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Robert Lynn PRUETT





Classification: Murderer
Characteristics: Retaliation over a disciplinary issue
Number of victims: 2
Date of murders: 1995 / 1999
Date of birth: September 18, 1979
Victims profile: One man / Daniel Nagle, 37 (prison guard)
Method of murder: ??? / Stabbing with homemade knife
Location: Bee County, Texas, USA
Status: Sentenced to death on April 30, 2002


TDCJ Number

Date of Birth

Pruett, Robert Lynn



Date Received

Age (when Received)

Education Level




Date of Offense

Age (at the Offense)







Hair Color






Eye Color

5 ft 11 in



Native County

Native State

Prior Occupation




Prior Prison Record

Was serving a life sentence from Harris County for one count of murder with a deadly weapon when he committed this offense.

Summary of incident

On December 17, 1999, Pruett physically assaulted a male correctional officer at the McConnell Unit in Bee County, resulting in the death of the correctional officer.



Race and Gender of Victim

white male


Inmate indicted in Nagle murder

April 2000

BEEVILLE — A Bee County grand jury on March 21 indicted inmate Robert Lynn Pruett on two counts of capital murder in the Dec. 17 stabbing death of Officer Daniel Nagle at the McConnell Unit near Beeville.

Pruett, 20, is serving a life sentence for a 1995 Harris County murder.

One count of the indictment charges him with capital murder of a prison guard; the other charges him with capital murder while incarcerated for murder.

Nagle, 37, was found in a pool of blood near a multipurpose room around 3:45 p.m.

An 8-inch steel shank was found nearby.

Pruett apparently had planned the attack on Nagle, according to TDCJ.

“We believe this is an isolated case whereby Pruett had planned the assault on Officer Nagle,” spokesman Larry Todd told the Huntsville Item.

He said the attack may have been retaliation over a disciplinary issue.

Todd told the newspaper the investigation continues and additional information could be presented to the grand jury.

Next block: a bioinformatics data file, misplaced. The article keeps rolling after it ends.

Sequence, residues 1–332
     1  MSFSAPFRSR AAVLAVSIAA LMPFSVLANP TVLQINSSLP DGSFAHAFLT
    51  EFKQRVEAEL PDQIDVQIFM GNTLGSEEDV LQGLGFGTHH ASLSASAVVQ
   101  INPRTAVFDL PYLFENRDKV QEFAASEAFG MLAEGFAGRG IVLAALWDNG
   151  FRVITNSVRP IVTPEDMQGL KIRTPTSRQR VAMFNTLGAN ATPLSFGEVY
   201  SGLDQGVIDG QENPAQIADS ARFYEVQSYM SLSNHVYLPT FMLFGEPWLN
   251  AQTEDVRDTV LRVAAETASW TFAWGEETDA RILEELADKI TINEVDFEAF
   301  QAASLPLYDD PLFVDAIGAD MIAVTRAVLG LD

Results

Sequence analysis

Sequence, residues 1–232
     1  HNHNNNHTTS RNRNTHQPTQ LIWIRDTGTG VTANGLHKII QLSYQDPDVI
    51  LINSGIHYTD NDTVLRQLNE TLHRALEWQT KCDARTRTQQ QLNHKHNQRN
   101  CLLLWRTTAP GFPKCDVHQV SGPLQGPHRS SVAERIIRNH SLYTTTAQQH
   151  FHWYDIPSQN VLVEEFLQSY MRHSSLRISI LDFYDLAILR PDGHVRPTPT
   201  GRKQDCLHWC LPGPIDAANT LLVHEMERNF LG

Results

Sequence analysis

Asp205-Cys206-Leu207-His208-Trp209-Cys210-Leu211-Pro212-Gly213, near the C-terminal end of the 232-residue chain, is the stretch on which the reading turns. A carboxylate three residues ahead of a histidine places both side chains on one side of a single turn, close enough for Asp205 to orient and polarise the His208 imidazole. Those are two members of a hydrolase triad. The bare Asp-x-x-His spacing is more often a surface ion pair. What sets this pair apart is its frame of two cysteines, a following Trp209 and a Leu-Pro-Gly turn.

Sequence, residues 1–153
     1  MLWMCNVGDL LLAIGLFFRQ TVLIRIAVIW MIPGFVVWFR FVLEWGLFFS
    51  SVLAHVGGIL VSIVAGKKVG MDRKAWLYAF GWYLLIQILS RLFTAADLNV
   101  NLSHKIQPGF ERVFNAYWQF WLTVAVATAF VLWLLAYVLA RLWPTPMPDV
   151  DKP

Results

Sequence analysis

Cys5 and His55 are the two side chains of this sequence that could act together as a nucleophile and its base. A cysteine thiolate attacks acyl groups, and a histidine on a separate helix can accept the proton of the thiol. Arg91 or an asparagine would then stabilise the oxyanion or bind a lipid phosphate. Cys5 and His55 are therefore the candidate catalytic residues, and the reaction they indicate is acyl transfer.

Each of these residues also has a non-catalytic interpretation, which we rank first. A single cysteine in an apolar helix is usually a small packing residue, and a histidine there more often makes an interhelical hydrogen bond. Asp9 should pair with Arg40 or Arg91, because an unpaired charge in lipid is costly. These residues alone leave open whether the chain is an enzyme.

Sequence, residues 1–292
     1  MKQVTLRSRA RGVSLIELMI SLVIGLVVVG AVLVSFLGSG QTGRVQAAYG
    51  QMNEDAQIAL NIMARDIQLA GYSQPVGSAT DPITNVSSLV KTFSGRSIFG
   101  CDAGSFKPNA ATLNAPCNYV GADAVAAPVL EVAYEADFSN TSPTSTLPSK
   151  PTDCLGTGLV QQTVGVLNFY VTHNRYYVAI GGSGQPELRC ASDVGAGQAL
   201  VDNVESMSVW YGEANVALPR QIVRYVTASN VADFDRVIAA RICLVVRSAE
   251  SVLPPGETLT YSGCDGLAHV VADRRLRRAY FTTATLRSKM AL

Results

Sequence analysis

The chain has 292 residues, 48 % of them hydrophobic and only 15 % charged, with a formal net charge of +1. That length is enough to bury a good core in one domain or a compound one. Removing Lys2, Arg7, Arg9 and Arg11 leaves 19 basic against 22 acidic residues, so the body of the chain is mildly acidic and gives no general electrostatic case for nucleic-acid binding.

The case will be prosecuted by 156th Judicial District Attorney George Morill III, assisted by special prosecutors Herbert Hancock and Alfred Hernandez.


In the Court of Criminal Appeals of Texas

No. 74,370

Robert Lynn Pruett, Appellant
State of Texas

On direct appeal from Bee County

PRICE, J., delivered the opinion for a unanimous Court.


A Bee County Jury convicted the appellant, Robert Lynn Pruett, of killing Correction Officer Daniel Nagle while the appellant was incarcerated at McConnell prison unit in Beeville, Texas. (1) Pursuant to the jury's answers to the special issues set forth in Texas Code of Criminal Procedure Article 37.071, §§ 2(b) and 2(e), the trial judge sentenced the appellant to death. (2) Direct appeal to this Court is automatic. (3)

The appellant raises four points of error challenging his conviction and sentence. In three of the points of error, he claims that the trial court erred by improperly denying him the fundamental constitutional right to present a meaningful defense by excluding the testimony of one witness and limiting the cross-examination of two other witnesses. The appellant also claims that the trial court erred in admitting a "Case Summary" of his previous conviction during the punishment phase of his trial, which he claims was prepared in anticipation of litigation. We reject each of his contentions and affirm the trial court's judgment.


In his second point of error, the appellant challenges the trial court's refusal to allow witness Damont Jackson to testify during the guilt phase of the trial. The appellant contends that the trial court's erroneous evidentiary ruling denied him the fundamental constitutional right to present a meaningful defense.

He argues that he has a fundamental right to present evidence of his defense so long as the evidence is relevant and is not excluded by an established evidentiary rule. (4) Evidence is relevant if it has been shown to be material to a fact in issue and if it makes that fact more probable than it would be without the evidence. (5) We review the trial court's decision to bar the admission of evidence under an abuse of discretion standard. (6)